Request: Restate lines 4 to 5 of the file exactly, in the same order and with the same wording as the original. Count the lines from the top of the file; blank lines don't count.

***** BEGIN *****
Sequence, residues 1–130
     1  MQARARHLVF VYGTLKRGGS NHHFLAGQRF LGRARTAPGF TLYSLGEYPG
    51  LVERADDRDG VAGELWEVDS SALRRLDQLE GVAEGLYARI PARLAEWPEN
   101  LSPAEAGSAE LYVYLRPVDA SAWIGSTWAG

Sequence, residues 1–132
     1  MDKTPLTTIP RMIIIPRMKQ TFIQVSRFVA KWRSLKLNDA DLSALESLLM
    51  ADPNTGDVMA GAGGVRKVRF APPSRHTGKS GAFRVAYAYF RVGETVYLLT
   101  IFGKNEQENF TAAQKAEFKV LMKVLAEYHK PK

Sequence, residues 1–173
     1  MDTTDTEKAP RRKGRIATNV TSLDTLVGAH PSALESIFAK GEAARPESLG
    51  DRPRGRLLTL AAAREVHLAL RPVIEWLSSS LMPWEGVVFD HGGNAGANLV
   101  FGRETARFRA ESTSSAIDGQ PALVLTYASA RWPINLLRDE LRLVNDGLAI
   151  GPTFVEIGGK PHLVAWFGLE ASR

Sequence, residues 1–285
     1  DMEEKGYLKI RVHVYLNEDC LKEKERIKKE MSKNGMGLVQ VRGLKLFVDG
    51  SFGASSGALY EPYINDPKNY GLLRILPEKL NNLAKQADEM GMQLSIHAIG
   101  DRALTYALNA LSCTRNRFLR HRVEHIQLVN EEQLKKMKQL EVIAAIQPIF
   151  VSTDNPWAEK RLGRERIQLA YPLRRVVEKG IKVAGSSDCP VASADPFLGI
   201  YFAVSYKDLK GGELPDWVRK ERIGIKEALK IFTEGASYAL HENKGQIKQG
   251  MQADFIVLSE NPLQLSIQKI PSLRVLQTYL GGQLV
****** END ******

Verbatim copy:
   101  LSPAEAGSAE LYVYLRPVDA SAWIGSTWAG

Sequence, residues 1–132